Richard Epstein considers the practical and legal difficulties around setting up reparations payments, and explores alternatives that may be more effective in fostering black mobility.

More

Richard Epstein analyzes a controversial new policy at the Yale Law School that would withhold financial support from students who work with “discriminatory” institutions — a category that may include large numbers of religious organizations.

More

On the first day of baseball season, Hoover Institution fellows Richard Epstein and Adam White call balls and strikes on the apparent end of the Mueller investigation as detailed in Attorney General Barr’s four-page letter to Congress. They still disagree about Mueller, but they agree that the investigation reached a good conclusion. Will we ever see a full Mueller Report — and should we?

 

More

Richard Epstein parses the conclusions of the Mueller report, the implications for the Trump Administration, and whether the investigation justified the resulting political dislocations.

More

It’s March Madness in the faculty lounge — and with the current news cycle, this episode is a layup line for Professors Epstein and Yoo. On the agenda: a deep dive into the Mueller Report; a look at the legal ramifications of the college admissions scandal; and a discussion of the Jussie Smollett controversy (one of the profs has a disturbingly deep grasp of the details). Plus, Epstein proposes a deal with the Russians, Yoo takes millennials down a peg, and Senik deals out some Jerry Springer trivia.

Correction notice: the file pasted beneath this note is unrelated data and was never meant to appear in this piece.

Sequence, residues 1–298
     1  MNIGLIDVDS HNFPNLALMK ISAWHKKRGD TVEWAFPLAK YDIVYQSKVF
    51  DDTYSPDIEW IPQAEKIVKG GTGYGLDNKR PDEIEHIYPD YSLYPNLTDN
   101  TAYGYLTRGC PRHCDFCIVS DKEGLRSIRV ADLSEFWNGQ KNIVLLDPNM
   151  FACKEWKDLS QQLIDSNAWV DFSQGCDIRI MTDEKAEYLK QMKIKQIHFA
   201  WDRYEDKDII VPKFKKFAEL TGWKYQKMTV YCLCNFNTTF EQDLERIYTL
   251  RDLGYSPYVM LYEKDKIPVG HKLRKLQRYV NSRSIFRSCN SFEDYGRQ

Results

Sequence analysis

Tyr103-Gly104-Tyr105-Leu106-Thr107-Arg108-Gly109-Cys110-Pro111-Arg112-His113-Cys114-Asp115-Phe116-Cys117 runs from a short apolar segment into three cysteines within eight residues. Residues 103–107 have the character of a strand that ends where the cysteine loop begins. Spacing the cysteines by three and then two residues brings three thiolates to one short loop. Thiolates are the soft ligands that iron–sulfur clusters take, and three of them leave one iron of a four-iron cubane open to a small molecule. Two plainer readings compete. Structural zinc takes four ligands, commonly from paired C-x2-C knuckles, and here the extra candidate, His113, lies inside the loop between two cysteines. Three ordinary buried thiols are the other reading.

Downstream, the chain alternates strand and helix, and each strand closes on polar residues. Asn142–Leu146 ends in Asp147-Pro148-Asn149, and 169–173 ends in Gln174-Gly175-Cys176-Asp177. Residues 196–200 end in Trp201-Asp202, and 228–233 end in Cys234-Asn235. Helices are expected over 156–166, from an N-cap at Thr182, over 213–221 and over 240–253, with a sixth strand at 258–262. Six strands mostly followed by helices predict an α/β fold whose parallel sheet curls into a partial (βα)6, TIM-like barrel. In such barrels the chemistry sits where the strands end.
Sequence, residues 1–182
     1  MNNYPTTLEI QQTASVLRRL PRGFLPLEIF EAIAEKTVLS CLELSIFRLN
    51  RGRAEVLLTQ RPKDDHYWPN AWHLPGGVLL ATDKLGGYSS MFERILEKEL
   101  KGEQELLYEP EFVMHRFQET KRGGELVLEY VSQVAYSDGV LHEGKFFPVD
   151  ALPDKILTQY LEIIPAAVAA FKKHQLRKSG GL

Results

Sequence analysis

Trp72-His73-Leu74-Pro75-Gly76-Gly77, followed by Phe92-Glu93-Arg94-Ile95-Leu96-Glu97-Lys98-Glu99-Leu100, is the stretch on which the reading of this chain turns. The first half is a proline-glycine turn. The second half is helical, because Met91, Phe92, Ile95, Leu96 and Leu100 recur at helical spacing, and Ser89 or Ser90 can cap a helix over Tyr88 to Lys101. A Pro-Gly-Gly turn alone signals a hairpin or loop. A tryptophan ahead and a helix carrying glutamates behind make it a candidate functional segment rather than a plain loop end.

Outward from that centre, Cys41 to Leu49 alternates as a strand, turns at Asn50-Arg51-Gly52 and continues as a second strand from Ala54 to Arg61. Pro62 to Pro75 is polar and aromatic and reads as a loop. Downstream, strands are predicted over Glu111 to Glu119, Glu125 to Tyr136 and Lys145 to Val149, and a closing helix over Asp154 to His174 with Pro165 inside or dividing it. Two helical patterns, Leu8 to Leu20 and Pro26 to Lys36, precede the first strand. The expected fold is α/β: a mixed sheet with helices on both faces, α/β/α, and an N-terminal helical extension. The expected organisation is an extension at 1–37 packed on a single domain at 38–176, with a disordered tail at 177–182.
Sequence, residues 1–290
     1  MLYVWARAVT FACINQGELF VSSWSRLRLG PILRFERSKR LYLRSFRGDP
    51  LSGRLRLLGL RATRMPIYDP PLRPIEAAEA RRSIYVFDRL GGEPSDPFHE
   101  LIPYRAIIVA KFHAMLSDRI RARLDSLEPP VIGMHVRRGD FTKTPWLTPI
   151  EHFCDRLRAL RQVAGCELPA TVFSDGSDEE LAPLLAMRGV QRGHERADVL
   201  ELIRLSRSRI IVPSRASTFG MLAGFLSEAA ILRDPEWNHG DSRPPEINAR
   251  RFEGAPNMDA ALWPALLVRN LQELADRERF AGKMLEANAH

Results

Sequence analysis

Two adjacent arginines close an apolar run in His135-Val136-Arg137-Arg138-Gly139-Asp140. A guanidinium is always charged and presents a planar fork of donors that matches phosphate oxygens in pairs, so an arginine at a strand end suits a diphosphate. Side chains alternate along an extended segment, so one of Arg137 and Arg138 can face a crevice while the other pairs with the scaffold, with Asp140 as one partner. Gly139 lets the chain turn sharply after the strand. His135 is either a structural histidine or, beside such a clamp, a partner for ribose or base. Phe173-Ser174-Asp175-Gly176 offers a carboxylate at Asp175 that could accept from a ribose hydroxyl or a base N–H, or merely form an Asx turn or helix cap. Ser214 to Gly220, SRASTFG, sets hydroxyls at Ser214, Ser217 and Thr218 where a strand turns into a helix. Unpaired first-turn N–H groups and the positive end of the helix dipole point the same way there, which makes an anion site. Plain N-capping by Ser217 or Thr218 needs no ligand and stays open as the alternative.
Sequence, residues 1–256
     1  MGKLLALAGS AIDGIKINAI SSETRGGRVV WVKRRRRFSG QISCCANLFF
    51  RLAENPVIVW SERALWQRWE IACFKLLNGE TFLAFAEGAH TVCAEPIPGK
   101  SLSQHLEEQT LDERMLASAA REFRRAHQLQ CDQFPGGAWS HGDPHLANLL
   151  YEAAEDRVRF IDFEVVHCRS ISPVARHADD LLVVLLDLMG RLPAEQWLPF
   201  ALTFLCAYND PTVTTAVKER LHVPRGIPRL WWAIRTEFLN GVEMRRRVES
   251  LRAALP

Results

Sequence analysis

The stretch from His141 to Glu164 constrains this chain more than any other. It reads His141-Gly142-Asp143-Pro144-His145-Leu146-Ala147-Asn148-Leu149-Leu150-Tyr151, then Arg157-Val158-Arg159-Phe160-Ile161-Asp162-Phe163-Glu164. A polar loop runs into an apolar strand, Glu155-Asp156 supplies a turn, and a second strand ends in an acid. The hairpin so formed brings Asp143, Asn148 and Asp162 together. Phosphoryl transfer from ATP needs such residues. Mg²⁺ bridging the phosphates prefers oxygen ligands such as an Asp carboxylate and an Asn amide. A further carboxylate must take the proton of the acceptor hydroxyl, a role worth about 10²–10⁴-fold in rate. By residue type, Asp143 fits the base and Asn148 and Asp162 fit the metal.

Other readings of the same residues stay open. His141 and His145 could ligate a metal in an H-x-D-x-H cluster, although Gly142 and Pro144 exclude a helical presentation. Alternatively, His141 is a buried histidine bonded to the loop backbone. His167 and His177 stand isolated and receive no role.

More

Richard Epstein explains how the Electoral College has morphed from the Founding Fathers’ intent — but why it is still the best way to pick a president.

More

Richard Epstein grapples with a new wave of anti-semitism on the left, and explains why progressive notions of ‘tolerance’ often undermine pluralism.

More

Senator Elizabeth Warren wants to break up tech companies; former Attorney General Eric Holder wants a future Democratic President and Congress to pack the Court, which would break it. What do Hoover Institution fellows Richard Epstein and Adam White think of these proposals? They disagree with both of them … but they also disagree with one another about how to think about what Google does today. But before they start to debate those issues, they begin by applauding the Senate’s move toward confirming Neomi Rao’s nomination to the U.S. Court of Appeals for the D.C. Circuit.

More

Richard Epstein looks at the resurgent popularity of rent control, explains the factors driving high housing prices in some of America’s largest metropolitan areas, and explains the economic, legal, and regulatory possibilities for bringing costs down.

More

Richard Epstein uses the controversy over Green Book‘s best picture win to discuss how racial tension in America has become completely unmoored from the reality on the ground.

More

The newest installment of Law Talk sees debate brewing in the faculty lounge as Professors Richard Epstein and John Yoo find themselves on the opposite side of several issues. On the agenda: Did Michael Cohen’s testimony change anything about the case against Trump? Can the president’s emergency measures to build a border wall stand up in court? Does the Supreme Court’s blow against civil asset forfeiture actually represent a constitutional error? And is a group of states about to take down the electoral college?

More
  1. 1
  2. 2
  3. 3
  4. 4
  5. 5
  6. 6
  7. 7
  8. 8
  9. 9